Poland’s wine market is set for an exciting period of growth – so long as its government doesn’t derail the economy
With Brexit looming on the horizon and the UK set to leave, Poland seems set to assume the mantle of the European Union’s most disruptive and lively member. A strong economic performance – Moody’s recently lifted its growth forecast for the Polish economy to 4.3% for the year – has awarded the controversial Prawo i Sprawiedliwość (Law and Justice Party) enviable approval ratings at home. Growing wages, a stronger currency (still the Zloty, though Poland is officially committed to joining the Euro at some stage) and an improved labour market, are behind the booming economy and, in part, why Poland has been upgraded from an Emerging to a Growth market in the Global Compass 2017-18 report by Wine Intelligence.
The Compass report, which takes into account a range of economic and specific wine market measures, points to a growing wine drinking population and disposable income as factors that make the Polish market more attractive. But there is something more intangible at play: wine is becoming more and more a part of the social fabric, albeit from a low base.
Polish society has experienced several profound cultural changes over the past 30 years. The fall of Communism in 1989, the advent of cheap air travel and membership of the European Union has infused the country with wealth and shaped the perspectives of a huge swathe of Poles born after 1980. French hypermarkets such as Auchan and Carrefour have established a strong presence, stacking their aisles with their homeland’s wines. Indeed, France is the top country of origin with 34% of wine drinkers in Poland having drunk wine from France in the past six months (according to our Poland Landscapes 2015 report). Portuguese-owned Biedronka, Poland’s largest supermarket group with 2,700 stores, has introduced consumers to Portuguese wine as part of its highly popular assortment of inexpensive own-label local Polish food and drink products. On the other hand, my recent store visits suggest that German supermarkets such as Lidl and Kaufland are still more likely to dedicate more shelf space to vodka than wine, with one Kaufland I visited displaying 3 full aisles of the spirit but just three shelves of dusty-looking wine bottles.
My recent visit to Poland also offered evidence that the on-trade is grappling, cautiously, with the wine category . Many restaurants in regional centres like Gdansk, Sopot and Łódź, list wine as simply “czerwone” or “białe” – red or white. For the minority of restaurants in these cities with more extensive lists, they might go as far as to differentiate between “słodkie wino” and “wytrawne wino” (sweet and dry). The appearance of a wine list by varietal, region or even brand means you are in a truly upmarket joint. However. eateries in larger and more cosmopolitan cities such as Warsaw, Wrocław and Kraków are more likely wine lists with more breadth and depth.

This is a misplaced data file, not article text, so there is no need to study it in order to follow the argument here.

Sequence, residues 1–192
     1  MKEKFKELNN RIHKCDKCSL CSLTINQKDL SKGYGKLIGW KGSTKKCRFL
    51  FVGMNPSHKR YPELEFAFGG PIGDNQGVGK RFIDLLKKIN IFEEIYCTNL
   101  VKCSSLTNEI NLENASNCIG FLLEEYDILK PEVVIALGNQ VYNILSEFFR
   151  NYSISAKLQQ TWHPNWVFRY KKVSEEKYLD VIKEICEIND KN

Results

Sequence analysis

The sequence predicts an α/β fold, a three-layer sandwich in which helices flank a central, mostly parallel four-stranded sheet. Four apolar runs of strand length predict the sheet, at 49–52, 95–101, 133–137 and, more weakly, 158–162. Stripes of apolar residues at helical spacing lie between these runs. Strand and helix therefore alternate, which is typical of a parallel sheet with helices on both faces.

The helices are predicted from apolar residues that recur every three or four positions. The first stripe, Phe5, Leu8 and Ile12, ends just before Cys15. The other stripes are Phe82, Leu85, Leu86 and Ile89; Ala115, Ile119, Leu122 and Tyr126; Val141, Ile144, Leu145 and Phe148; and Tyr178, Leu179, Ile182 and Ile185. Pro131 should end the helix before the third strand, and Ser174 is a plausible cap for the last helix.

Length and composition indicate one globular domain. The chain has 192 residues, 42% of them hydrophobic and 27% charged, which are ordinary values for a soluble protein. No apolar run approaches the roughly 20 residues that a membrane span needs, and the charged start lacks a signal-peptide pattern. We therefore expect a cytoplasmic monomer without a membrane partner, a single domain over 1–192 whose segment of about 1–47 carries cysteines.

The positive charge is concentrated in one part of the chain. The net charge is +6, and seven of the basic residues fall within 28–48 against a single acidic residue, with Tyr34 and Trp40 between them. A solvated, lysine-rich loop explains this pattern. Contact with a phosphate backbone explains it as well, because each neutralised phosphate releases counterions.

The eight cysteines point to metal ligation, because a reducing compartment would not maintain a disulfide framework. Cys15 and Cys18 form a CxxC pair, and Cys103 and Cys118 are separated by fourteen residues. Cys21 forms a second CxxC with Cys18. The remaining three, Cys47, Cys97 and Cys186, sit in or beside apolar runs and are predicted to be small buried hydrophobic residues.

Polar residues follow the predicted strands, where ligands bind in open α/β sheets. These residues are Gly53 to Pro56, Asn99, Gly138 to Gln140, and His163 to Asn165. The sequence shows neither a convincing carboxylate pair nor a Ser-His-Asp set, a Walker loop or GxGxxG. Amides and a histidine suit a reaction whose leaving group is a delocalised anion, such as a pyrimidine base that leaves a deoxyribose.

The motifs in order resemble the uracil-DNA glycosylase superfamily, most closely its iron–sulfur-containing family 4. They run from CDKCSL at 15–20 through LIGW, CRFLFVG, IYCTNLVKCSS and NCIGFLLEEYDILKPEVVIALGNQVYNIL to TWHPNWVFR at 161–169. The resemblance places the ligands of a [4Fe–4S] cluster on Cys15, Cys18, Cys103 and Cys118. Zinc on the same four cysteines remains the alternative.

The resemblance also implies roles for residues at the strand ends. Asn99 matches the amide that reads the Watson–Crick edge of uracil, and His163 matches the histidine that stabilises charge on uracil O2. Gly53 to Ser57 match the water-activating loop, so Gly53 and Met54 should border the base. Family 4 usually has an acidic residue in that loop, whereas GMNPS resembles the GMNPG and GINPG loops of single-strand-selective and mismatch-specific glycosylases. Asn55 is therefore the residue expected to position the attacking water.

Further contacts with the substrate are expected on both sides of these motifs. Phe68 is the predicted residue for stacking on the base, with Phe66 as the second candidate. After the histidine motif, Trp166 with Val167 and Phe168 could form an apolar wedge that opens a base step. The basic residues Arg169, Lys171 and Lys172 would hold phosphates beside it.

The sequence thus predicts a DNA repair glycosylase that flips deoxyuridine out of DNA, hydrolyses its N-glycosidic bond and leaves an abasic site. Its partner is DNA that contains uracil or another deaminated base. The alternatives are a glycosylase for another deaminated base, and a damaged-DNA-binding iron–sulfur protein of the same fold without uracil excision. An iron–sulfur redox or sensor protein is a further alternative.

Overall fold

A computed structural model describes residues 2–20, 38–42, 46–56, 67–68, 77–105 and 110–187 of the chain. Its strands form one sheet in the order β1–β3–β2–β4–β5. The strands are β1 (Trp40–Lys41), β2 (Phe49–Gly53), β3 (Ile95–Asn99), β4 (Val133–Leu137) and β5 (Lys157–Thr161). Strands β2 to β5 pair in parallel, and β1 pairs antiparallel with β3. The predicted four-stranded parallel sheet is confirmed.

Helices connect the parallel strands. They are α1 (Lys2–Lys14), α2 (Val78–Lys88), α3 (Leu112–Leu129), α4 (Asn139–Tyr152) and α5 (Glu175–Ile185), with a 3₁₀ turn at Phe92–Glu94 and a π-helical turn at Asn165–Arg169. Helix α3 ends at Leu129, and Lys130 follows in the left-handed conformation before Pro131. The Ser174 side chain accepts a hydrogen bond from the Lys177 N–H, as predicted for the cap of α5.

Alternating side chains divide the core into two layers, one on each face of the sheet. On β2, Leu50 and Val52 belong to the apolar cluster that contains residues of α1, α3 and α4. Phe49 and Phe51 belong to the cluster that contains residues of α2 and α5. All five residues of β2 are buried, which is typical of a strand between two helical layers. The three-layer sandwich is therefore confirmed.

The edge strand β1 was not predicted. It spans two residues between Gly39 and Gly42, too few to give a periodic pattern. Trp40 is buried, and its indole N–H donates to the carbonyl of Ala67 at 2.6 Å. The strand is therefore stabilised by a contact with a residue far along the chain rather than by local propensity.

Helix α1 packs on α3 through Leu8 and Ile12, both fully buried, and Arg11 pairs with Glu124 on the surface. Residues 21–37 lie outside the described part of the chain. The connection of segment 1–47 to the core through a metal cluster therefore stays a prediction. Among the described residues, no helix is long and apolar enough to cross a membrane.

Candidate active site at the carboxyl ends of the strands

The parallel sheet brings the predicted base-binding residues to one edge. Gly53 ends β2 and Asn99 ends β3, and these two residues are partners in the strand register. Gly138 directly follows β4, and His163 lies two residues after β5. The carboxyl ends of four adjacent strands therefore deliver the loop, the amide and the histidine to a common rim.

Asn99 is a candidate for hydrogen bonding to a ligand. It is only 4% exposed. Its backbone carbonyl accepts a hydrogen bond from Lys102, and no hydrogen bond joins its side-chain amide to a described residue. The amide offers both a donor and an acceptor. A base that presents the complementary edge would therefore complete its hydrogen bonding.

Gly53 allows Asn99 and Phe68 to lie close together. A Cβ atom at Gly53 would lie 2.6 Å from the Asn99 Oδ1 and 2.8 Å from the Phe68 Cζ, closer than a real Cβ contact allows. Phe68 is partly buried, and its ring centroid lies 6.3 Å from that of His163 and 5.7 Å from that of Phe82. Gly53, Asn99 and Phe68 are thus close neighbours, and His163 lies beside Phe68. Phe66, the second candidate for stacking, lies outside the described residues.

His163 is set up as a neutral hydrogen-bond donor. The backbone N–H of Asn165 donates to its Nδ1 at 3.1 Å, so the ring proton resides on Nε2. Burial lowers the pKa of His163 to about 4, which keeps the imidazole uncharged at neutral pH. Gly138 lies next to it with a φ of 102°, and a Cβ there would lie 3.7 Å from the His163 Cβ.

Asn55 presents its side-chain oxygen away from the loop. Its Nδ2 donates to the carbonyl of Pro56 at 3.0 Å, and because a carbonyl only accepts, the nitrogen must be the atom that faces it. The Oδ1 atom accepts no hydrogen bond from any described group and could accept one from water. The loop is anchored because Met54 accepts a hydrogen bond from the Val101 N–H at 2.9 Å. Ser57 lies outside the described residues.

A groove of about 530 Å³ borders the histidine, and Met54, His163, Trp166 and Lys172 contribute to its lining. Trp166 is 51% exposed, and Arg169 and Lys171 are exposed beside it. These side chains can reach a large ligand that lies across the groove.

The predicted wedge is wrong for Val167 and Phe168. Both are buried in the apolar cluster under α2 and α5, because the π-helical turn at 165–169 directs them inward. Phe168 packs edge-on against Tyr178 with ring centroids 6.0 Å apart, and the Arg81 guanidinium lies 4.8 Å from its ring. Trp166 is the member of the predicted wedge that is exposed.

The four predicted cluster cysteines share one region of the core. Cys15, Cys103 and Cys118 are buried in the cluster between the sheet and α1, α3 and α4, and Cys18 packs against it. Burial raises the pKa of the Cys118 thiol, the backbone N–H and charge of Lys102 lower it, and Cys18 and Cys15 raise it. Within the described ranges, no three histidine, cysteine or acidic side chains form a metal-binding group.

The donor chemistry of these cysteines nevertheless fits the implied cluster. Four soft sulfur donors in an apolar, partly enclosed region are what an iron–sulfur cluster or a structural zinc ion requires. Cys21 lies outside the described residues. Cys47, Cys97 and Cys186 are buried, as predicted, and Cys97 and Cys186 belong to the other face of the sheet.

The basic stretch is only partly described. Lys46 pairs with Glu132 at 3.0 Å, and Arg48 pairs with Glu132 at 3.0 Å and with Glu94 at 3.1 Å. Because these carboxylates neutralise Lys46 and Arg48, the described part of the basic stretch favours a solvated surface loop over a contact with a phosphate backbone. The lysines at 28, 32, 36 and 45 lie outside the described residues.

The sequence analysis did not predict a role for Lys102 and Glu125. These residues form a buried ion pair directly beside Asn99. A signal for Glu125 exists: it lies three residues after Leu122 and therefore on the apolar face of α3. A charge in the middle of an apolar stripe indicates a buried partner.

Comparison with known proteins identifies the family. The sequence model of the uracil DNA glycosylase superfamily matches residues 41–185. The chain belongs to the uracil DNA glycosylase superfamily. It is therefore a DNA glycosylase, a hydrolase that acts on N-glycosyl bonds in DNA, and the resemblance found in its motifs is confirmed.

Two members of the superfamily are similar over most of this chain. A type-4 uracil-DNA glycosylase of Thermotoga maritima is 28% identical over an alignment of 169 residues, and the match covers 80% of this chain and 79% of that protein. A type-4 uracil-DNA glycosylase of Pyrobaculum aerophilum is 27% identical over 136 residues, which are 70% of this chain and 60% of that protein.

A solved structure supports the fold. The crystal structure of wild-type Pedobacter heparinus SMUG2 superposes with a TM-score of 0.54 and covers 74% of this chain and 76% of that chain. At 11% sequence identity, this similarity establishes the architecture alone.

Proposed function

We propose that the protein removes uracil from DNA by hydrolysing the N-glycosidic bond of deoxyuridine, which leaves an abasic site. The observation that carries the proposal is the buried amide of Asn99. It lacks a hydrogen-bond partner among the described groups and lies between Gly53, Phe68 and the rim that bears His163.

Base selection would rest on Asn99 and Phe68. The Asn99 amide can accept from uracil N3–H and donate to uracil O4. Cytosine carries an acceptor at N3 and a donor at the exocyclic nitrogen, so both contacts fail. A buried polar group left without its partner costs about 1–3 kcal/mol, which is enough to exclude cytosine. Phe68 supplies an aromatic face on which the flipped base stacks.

Ordering wine in Poland, you soon realise just how sweet the standard offering is. Perhaps it is to be expected from a country that brings us indulgently sweet sugar-coated treats like pączki and faworki, but the palate of the average Pole is decidedly sweet. Indeed, ‘sweetness of the wine’ is the top choice cue for Polish wine drinkers with 85% quoting it as ‘important’ or ‘very important’ when choosing a wine.
Wine consumption in the on-trade largely takes place in dining situations, with 55% reporting they drink wine in restaurants but just 20% in bars or pubs. Polish reworkings of popular cooking TV shows such as Kitchen Nightmares and MasterChef (Kuchenne rewolucje and MasterChef Polska, both presented by the inimitable Polish restaurateur Magda Gessler) have reignited interest in cuisine and wine.
Most of this interest is concentrated in a small proportion of regular wine drinkers (those who drink wine at least once a month). These drinkers represent 30% of Polish adults, a significantly lower than mature markets – almost 60% of the UK’s population fall under our definition of a regular wine drinker. For them, wine is a symbol of sophistication and elegance, something rather more refined. That Poland is home to four WSET accredited schools is testament to how quickly wine is becoming rooted in its drinking culture, though many ambitious wine professionals and sommeliers have been drawn to the UK. Piotr Pietras (the multi award-winning sommelier at Launceston Place) and Adam Pawlowski (the first Polish Master Sommelier) are just two such professionals making a mark on the UK on-trade.
As wine consumption grows, some ambitious individuals have decided to get their foot in the door early, planting their own vines. Though production is minute – there are just 200 hectares of vines planted in Poland – they are already making passable wines. The majority are hybrids hardy enough to withstand the brutal winters, but there have been some successful plantings of Pinot Noir and Cabernet Sauvignon.
The evidence from my trip points towards a bright future for Poland’s wine market, with a thriving economy and reinvigorated on-trade paving the way for growth. The only real cloud on the horizon is the possibility that, once Brexit is done, the EU and the Polish government will fall out spectacularly. Those wishing to pick a fight would have plenty to choose from: Poland’s resistance to taking refugees, its court reforms that threaten the rule of law, and the continued destruction of the Białowieża forest (despite EU court orders) that could result in the withdrawal of EU redevelopment funds. The EU budget remains the lifeblood of Poland’s infrastructure regeneration and thriving arts scene, so cutting off funds may bring growth grinding to a halt – and with it, possibly, its wine renaissance.
Author: James Wainscott